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  #1  
Old 8 Sep 2008
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Inverter are they worth it.

Will be i Mauritania and Mali in Nov and Dec getting Landcruiser ready most things in place but do I put an inverter in so that I can run a fridge. Getting conflicting reports on there efficiency, I want to run it while on the move, in my experience my fridge is better on 240 v than 12v but will an inverter keep it going for 6 or 7 hours or will it over heat?

Experiences views welcome please.
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  #2  
Old 8 Sep 2008
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You need to buy an inverter thats adequate for the task, gather some info about your fridge, how many amps it draws on startup - that one figure allows you to buy the correct sized inverter. eg 15amps startup current for the fridge means that you need a minimum of 15amps from the inverter - ideally you need about 20amps. How to Convert Watts to Amps Simplified -- Converting Amps to Watts the easy way gives all the formulae you need to convert amps to watts - most inverters give output in watts.

The next thing is to make sure that the fridge can operate on the type of 240V produced by the inverter - not all volts are equal!! Inverters produce two types of alternating current - a square wave form and a smooth wave form. Sensitive electronic devices often hate square form and just wont work. Obviously you need to buy one that works for your fridge.

Do you know how your fridge operates? Is it a compressor fridge when running on 240V and a peltier type fridge when running on 12V? or just a 12V fridge that converts 240V to 12V?

Other issues with inverters - ordinary car batteries dont like them, you need a leisure battery isolated from the car battery by a Zig unit or similar - you're bound to flatten the car battery in the most out of the way place that is dead level and cant bump start the vehicle. Inverters consume more power than they produce, most are about 90% efficient at the very best, so if you can get the 12V working on the fridge you wont "waste" so much energy.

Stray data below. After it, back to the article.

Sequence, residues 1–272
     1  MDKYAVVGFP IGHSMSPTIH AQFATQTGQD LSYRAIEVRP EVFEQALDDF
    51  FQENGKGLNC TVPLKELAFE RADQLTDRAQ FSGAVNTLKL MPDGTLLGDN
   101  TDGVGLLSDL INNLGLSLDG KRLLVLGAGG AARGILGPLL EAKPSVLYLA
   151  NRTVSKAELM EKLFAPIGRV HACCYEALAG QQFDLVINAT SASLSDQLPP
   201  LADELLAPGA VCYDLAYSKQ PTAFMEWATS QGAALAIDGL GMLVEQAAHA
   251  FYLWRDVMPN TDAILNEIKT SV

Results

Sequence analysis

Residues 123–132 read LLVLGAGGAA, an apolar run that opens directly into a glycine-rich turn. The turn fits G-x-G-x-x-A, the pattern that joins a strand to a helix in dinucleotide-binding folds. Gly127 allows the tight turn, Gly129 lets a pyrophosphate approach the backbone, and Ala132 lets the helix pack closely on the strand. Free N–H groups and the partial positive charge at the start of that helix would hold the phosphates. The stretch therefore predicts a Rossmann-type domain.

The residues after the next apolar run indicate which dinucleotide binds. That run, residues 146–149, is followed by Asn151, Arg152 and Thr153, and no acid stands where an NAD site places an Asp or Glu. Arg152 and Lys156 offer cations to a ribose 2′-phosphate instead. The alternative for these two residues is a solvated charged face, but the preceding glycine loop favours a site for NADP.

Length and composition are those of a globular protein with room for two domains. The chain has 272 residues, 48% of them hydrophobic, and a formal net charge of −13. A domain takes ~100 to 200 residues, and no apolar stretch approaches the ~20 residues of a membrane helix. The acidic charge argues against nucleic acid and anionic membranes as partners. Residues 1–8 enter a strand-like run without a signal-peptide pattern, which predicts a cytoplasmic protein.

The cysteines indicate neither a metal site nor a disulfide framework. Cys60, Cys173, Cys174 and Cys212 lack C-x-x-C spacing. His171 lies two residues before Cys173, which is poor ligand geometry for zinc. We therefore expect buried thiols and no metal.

Safety; you've got an unearthed and potentially deadly supply of 240V power in the vehicle if something goes wrong.

Is it worth it? I'd be trying everything possible to get the fridge working well on the 12V before lashing out on an inverter.
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  #3  
Old 8 Sep 2008
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There are two main types of fridge, 3-way (gas/12v/240v) and compressor (12v/240v).
The 3 way is the traditional caravan type fridge. Designed mainly to run on 240v hookup or gas. The 12v option is only to be used when the vehicle is running as it consumes so much power. Basically a heater at the rear is used to keep the inside cold, no moving parts so totally silent but very inefficient. There is also no temp control in 12v mode it's just on all the time. This is because 12v mode is only meant to be used when moving between caravan sites. Other disadvantage is that a 3 way fridge will only work if it is dead level or within a couple of degrees of it.
A compressor fridge works just like your household fridge. A small compressor moves gas around the cooling loop to keep the inside of the unit cool. Makes a little noise when running but not loud enough to disturb sleep. Unlike a 3-way it will also work when not level (up to about 30 degrees). Big disadvantage is cost, they are not cheap (£500ish).